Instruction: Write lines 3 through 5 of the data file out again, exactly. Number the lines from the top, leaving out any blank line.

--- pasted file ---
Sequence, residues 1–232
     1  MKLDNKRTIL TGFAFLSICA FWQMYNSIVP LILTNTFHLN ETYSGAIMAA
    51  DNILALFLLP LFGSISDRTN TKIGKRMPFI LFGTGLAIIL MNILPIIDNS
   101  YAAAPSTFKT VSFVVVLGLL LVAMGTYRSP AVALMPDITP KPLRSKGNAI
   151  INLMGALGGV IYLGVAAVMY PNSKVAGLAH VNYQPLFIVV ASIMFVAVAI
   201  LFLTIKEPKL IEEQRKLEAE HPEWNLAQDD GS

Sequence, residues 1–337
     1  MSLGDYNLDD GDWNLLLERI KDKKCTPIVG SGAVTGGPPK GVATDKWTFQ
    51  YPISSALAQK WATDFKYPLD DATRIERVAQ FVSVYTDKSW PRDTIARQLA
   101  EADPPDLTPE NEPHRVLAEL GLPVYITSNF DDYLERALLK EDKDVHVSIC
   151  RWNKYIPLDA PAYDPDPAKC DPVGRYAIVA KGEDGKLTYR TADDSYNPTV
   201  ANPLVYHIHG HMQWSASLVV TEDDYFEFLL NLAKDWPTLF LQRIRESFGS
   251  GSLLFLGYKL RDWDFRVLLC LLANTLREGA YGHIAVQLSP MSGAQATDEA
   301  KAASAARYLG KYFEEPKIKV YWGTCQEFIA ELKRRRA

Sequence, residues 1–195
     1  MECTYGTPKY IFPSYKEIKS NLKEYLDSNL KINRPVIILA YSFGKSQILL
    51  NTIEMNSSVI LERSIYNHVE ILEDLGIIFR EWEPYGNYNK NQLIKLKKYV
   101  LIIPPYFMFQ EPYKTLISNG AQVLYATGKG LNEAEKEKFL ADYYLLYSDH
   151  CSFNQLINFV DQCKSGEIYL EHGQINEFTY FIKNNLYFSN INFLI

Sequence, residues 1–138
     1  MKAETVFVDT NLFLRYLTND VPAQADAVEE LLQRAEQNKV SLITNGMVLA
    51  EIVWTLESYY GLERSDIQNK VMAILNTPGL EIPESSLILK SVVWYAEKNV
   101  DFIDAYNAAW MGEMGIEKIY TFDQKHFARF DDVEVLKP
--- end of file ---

    51  DNILALFLLP LFGSISDRTN TKIGKRMPFI LFGTGLAIIL MNILPIIDNS
   101  YAAAPSTFKT VSFVVVLGLL LVAMGTYRSP AVALMPDITP KPLRSKGNAI
   151  INLMGALGGV IYLGVAAVMY PNSKVAGLAH VNYQPLFIVV ASIMFVAVAI